The Soldier’s Burial
By Jack Mandaville
When I was 13 years old I got my hands on an old family poem that had been sitting in a nondescript box in my parent’s basement. In it was one one of the most heart-wrenching poems I’ve ever read – a testament to sacrifice and personal loss. It bore the story of an affluent family stricken with grief. My great-great grandmother, Irene Lameroux Pratt, wife of the Mayor of Minneapolis ( which at the time and to this day was a booming Midwestern city), Robert Pratt, had penned this piece in a grief-stricken moment in her life.
Her son, Sidney Pratt, was the first Minnesotan to die in the Spanish-American War while serving in the Philippines. This young man had dropped out of the University of Minnesota during his freshman year to join the war effort – eager to follow in his father’s footsteps. Robert was a decorated veteran of the Civil War and Sidney’s namesake came from Robert’s brother who was wounded in the Battle of the Wilderness, eventually succumbing to his wounds in 1866. Our family has a day-to-day account of all these events and more.
The beauty of this poem is more sacred to me than just my family history. It’s something I’m not yet ready to put into words. In it’s simplest form, this is the story of life blossoming after death. It’s the story of the warrior fertilizing the seeds of freedom. But much more, it’s the story of a Gold Star Mother and her boy – before that term came into existence.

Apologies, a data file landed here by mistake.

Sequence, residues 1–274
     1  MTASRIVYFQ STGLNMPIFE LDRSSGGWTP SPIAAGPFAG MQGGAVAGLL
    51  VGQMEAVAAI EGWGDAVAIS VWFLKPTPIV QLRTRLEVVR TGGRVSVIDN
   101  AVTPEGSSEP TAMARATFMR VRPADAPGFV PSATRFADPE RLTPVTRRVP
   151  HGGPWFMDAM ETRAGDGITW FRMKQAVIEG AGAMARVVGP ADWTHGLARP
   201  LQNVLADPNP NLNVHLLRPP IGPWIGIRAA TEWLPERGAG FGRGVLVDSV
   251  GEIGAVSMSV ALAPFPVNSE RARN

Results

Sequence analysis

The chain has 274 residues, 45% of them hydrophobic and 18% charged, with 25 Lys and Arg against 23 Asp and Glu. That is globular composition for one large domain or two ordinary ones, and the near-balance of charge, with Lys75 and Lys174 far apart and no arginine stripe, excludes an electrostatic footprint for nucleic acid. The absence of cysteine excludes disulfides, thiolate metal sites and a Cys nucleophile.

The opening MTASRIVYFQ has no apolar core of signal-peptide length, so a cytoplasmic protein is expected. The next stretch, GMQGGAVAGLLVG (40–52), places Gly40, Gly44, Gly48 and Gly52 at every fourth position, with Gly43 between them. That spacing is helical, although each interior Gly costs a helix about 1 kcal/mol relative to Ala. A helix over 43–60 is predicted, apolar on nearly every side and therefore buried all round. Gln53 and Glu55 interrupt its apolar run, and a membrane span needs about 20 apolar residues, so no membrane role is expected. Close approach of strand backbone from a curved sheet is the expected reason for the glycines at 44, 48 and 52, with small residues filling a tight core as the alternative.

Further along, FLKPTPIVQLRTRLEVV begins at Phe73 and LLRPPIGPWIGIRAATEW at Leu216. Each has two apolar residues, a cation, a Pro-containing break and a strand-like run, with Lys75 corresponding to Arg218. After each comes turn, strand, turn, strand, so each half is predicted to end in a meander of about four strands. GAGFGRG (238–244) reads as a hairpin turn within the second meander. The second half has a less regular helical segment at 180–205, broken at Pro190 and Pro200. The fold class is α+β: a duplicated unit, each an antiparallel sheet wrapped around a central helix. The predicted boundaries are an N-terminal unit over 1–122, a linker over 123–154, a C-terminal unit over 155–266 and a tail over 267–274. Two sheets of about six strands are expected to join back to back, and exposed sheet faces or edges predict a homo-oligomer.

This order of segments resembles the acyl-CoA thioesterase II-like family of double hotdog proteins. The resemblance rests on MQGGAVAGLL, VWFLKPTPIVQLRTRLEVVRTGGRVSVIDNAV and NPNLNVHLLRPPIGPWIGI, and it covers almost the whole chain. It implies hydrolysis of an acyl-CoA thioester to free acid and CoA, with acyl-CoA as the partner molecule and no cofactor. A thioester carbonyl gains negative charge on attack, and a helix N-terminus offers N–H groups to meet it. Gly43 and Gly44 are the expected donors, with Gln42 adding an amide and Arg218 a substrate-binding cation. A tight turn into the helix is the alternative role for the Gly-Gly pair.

How tenderly they bore him
How tenderly made his grave
How tenderly placed within it
The form of their comrade brave.
Neath the palm-trees by the river,
Far from the homeland dear
The lonely lads who loved him
Dropped on his grave, a tear.
Theirs was no costly tribute,
No flowers were there to hide
The grim hardness of the casket
With their soldier friend inside.
But a little rose-bush flourished,
And its perfume gently shed
Neath the palm trees by the river
In that city of the dead.
Then tenderly they lifted
This emblem of life to come,
And tenderly they set it,
Near the foot of their comrade’s tomb.
“Our father who art in heaven
Thy will be done below,”
With voices choked and tearful
Together they murmured low.
“Lights out” was gently sounded
As they sadly marched away
From the hero who had fallen
On the eve of the battle day.
Honor to these true-hearted
Who spread with a mother’s care
The couch of their sleeping comrade
And planted the rose-bush there.
-Irene L. Pratt, Minneapolis. 1899